What will the new parliament deliver for people seeking asylum?
JULY 14 2016
By Andrew Hamilton SJ
When we reflect on what might happen after the recent Federal Election, it is tempting to begin with politics as a game – party strategies, factions and so on. But any consideration of the effect of the Election on people who seek protection should focus on the lives of people who are affected and on what respect for their humanity demands.
For people seeking asylum the present situation is dire. Australia’s policy leaves tens of thousands of people diminished in mind and body, fearful, separated from families, often deprived of freedom and unable to work or contribute to society.
Some 13,000 people seeking asylum live in Indonesia. They wait for a nation to accept them, dependent on the hospitality of a developing nation, often separated from their relatives. Another 1,300 people who came to Australia after 18 September 2013 are held on Manus Island or Nauru. Because their fate is designed to deter other people boarding boats to seek protection from Australia, they live in harsh conditions, have been subject to abuse, and suffer from mental illness and despair that leads many to harm themselves. Of particular concern are children held in these poor and uncertain situations. 267 people now live temporarily in Australia after receiving medical care or bearing children, but are liable to return to Nauru.
Around 1,800 people are also held in detention centres in Australia, while others live in community detention. Many of these have been detained for over two years, waiting for their case to be processed or for a final decision. They have nothing meaningful to do and many suffer from depression, traumatised by what they have suffered both in the nations from which they fled and in Australia.
Almost forgotten in discussion of people seeking asylum are the 19,000 people who arrived in Australia before late 2013 and who live in the community on bridging visas. Processing of their cases was halted for a long time and has only now restarted. The process can now lead only to temporary protection and leaves little scope for review. With limited support, often restricted in their right to work, they are constantly anxious about their own future and that of their families.
And finally, we should include the 18,000 people due to come this year to Australia on humanitarian visas and the 20,000 Syrian refugees whom the Coalition Government promised to receive in Australia. After a year only a trickle have arrived.
All these people, some visible through the media and others forgotten, make a claim on our hearts to our fundamental relationship as fellow humans, and to our responsibility as a national to show compassion to those seeking our protection. All will want to know if the election will bring them good news. That will depend on whether the major parties will cooperatively review our policies, or if will again compete with one another to look toughest against refugees.
The clear dissatisfaction of the electorate towards the negative party politics might favour cooperation. But the self-interested and bullying government has become the norm, and will be hard to shake off. Certainly the militarisation of the Immigration Department in the Australian Border Force, which has made the life of people in detention more demeaning, suggests that the Government’s approach to people seeking protection will be combative and unyielding. A culture of brutality is becoming ingrained.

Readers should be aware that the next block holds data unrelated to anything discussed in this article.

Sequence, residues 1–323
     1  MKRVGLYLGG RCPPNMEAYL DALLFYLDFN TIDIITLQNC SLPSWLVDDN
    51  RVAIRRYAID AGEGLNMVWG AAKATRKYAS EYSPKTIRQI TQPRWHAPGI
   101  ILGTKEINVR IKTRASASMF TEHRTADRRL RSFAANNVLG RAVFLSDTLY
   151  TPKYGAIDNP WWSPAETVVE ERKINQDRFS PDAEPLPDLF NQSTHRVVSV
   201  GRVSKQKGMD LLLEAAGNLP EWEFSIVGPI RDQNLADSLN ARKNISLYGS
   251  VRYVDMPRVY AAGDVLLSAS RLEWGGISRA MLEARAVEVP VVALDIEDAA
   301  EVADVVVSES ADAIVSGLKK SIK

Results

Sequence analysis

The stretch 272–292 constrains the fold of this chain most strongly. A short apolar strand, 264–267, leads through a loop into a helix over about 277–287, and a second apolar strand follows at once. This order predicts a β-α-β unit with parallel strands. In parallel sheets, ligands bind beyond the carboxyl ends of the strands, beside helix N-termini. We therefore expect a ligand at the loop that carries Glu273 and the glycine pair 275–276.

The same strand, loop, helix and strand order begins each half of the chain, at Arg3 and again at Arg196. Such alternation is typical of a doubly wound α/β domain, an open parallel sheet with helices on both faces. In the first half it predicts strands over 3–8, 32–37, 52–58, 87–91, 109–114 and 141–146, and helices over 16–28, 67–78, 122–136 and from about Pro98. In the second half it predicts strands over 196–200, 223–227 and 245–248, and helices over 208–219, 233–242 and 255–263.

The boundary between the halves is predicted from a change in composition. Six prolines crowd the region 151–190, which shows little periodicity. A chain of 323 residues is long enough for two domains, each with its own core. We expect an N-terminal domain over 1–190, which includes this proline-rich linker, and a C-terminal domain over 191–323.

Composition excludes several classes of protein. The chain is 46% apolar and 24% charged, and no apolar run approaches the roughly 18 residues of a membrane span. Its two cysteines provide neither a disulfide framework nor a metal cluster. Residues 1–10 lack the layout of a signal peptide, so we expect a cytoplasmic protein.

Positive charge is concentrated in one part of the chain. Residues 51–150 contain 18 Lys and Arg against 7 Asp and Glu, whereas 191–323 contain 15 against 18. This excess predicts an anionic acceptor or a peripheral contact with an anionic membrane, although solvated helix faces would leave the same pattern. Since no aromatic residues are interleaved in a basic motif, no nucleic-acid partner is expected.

Among the different groups mentioned before, it is hard to see any good news for those stranded in Indonesia. They are out of sight and out of mind, and they could hope for encouragement from Australia only if it were accepted that refugees are an international and regional responsibility. That enlightened view seems a foreign concept in Fortress Australia.
There may be some room for hope for the people languishing on Nauru and Manus Island. Their situation has been intractable because both major parties had a part in establishing and developing the scheme. But at a time of financial stringency it is enormously costly to maintain these centres, and the mistreatment and deteriorating condition of the people there draws increasing concern in Australia and internationally. When the boats have been stopped, too, the argument that punishing people by sending them off-shore is necessary to deter people smugglers is specious.
In addition, now that the PNG Supreme Court has declared detention illegal, Australia’s regional arrangement will need to be reviewed. If the Coalition and Labor can agree that Manus Island and Nauru have achieved whatever result was hoped for and that it is too costly in terms of human lives, money and national reputation to continue, people there may find some hope. If that is too much to hope for, at least it is possible that the plight of families with young children will be addressed, and that the 267 people remaining in Australia after medical treatment will not be sent back. But this would depend on bipartisan agreement.
Cost cutting may lead to the release into the community of more people detained in Australia and to the extension of work rights. But it is unlikely that they will receive more support or that those found to be refugees will receive permanent protection visas. Nor should we expect the Syrian refugees to come in great numbers.
So, all in all, the close election result is not good news for people who seek protection. But it does offer possibilities. When it comes to people’s lives, even small blessings are worth pressing for. To move a mountain we must start by picking up one rock at a time.